By Matt Cutugno
Yingcheng, China

I’m in China for the Spring Festival. That’s the celebration of the Chinese New Year featuring fifteen days of family, friends and food. My dear Lily was born in Yingcheng, a rural city located an hour’s drive from Wuhan in Hubei Province, and thirteen hundred kilometers south of Beijing. 

While the New Year celebration in the U.S. is basically a day long, in China it’s culturally more significant. No matter what part of the country you live in, people head back to their hometown to celebrate with their families. If there is one overriding theme, it’s togetherness. 

Lily's Family

I was the only westerner to attend a reunion of Lily’s former classmates, now all sexagenarians. They had gone to the countryside in 1968 as part of the “reeducation” program during China’s Cultural Revolution. She had not seen some of them since she came to America, and their get-together was heartwarming. “Is that you?” Lily said to a man she hadn’t seen in fifty years. “Yes, it’s me!” came the laughing reply. There were handshakes, hugging, good wishes, and of course food. 

A Spring Festival Meal

In subsequent days, we attended one family gathering after another. Meals featured a tapas-like array of dishes, some exotic like intestines, tongue, turtle soup, and pig trotter while most were traditional fair like dumplings, chicken soup, tofu, lotus root, and fresh vegetables. Fish was omnipresent since the Mandarin word for fish, yú, is also the word for “abundance” and “good fortune.” The positive vibe extended into the streets of the city, both with lively displays of dancing and fireworks and also with greetings of “xīn nián kuài lè,” Happy New Year! On the eve of New Year’s Day, there is a television special that’s watched by hundreds of millions. It’s a stupendous and eye-catching production. Popular movie and television stars host the show and there’s singing and dancing galore to a live audience. If one is lucky enough to be financially well-off, it is customary to give others and especially children, hong bao, a red, decorated envelope with modest amounts of money inside. Another of the festival’s days is dedicated to visiting the final resting place of loved ones. Replicated paper money is brought to the grave sites, lit, and burned so that the dearly departed can use it in the afterlife.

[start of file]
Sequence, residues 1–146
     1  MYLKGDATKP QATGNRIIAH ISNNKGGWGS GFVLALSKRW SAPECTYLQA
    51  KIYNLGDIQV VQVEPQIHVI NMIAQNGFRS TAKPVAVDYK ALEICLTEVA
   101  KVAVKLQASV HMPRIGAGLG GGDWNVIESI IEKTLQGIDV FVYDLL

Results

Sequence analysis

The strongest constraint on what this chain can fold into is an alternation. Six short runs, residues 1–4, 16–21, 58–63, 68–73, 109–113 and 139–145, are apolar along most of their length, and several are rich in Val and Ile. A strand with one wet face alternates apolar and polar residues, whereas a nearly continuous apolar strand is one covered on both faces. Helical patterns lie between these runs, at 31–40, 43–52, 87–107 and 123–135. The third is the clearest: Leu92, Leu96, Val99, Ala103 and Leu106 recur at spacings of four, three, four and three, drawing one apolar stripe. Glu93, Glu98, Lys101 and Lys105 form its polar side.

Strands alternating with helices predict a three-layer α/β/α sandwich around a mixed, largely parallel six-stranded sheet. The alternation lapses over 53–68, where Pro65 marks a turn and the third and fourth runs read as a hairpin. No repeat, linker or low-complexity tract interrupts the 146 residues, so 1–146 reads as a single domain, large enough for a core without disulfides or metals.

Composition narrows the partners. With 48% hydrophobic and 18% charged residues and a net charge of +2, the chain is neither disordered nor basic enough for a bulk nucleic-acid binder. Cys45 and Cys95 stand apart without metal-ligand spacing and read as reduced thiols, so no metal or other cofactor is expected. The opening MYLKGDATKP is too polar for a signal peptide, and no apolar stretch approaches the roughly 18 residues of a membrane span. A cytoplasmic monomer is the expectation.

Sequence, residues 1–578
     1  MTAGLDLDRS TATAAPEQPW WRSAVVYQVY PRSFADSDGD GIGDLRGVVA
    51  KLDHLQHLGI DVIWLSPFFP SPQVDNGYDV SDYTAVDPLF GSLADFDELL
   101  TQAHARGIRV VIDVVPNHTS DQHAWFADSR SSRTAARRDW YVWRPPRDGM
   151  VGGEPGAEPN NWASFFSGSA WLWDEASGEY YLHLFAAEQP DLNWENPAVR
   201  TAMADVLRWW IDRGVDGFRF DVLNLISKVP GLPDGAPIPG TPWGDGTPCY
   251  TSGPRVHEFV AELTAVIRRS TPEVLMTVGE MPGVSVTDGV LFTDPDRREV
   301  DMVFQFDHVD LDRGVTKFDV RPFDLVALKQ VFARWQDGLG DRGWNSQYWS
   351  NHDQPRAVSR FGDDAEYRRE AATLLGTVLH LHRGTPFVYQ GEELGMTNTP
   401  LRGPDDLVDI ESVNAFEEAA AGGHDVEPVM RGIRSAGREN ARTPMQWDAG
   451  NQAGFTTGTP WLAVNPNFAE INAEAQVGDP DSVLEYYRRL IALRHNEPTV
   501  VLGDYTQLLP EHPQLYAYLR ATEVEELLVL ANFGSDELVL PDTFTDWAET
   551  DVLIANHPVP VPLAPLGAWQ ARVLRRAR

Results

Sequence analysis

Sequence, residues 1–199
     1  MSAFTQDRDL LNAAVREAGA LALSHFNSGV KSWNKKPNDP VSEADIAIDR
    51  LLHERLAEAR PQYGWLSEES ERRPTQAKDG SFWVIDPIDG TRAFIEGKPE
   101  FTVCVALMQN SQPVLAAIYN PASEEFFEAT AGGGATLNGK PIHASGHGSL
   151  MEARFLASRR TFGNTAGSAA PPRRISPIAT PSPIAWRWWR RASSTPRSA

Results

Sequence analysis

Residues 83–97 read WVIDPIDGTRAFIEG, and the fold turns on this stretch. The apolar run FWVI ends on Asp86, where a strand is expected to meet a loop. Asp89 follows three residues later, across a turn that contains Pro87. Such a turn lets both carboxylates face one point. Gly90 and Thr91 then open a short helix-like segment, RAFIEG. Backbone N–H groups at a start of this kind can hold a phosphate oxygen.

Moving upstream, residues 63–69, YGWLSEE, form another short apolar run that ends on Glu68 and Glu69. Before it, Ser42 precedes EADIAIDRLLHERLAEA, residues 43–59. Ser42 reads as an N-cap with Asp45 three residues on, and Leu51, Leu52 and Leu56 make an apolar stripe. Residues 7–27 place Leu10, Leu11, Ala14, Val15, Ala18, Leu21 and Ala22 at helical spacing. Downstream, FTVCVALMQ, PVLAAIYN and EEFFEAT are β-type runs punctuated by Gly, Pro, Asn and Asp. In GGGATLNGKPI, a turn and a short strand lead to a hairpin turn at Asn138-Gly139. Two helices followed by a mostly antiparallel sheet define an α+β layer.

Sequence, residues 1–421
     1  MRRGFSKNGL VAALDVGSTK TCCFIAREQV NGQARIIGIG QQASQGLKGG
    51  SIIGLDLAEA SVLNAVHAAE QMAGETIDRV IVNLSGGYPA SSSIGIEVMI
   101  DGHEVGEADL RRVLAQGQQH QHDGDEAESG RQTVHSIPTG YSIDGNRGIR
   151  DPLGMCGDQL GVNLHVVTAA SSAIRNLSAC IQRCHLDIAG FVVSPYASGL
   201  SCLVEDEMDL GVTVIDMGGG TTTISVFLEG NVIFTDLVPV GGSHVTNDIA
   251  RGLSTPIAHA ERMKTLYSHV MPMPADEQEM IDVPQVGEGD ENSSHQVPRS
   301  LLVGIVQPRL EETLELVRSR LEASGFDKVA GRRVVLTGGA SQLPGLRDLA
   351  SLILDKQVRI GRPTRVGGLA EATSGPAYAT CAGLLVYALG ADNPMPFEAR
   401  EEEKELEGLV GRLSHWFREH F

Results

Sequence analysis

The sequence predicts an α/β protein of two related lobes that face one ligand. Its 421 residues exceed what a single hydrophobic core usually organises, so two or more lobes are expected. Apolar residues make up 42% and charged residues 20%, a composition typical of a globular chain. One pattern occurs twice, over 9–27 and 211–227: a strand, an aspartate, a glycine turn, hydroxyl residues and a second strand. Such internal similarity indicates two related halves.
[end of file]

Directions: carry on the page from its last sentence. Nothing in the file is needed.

Line Dancing at Lóng Chi

All this emotional warmth amidst cold February weather made me reflect on my own country. Unfortunately, back home we seem to be lacking in togetherness. In my lifetime I have never seen such protracted tensions. Our very diversity seems to be pulling us apart into separate camps. We feature public shaming in restaurants, body shaming on the internet, unprecedented intolerance of each other, and just plain nastiness. Coming from New York, I’ve always hoped our various ethnic, racial, and political components were like vital pieces of a fine mosaic. Now we’re more like the miss-matched accessories of a candidate for the worst dressed list. 

Happy New Year of the Pig

Here’s a toast to the Chinese New Year, the Year of the Pig. May the coming months see us overcome the hysteria and acknowledge what is so apparent to me – our commonalities outweigh our differences. That’s my wish of togetherness. 

Matt Cutugno  

Matt Cutugno is an Amazon bestselling author of four novels and a frequent contributor to Stay Thirsty Magazine. His latest book is The Godless Land.

All opinions expressed are solely those of its author and do not reflect the opinions of Stay Thirsty Media, Inc.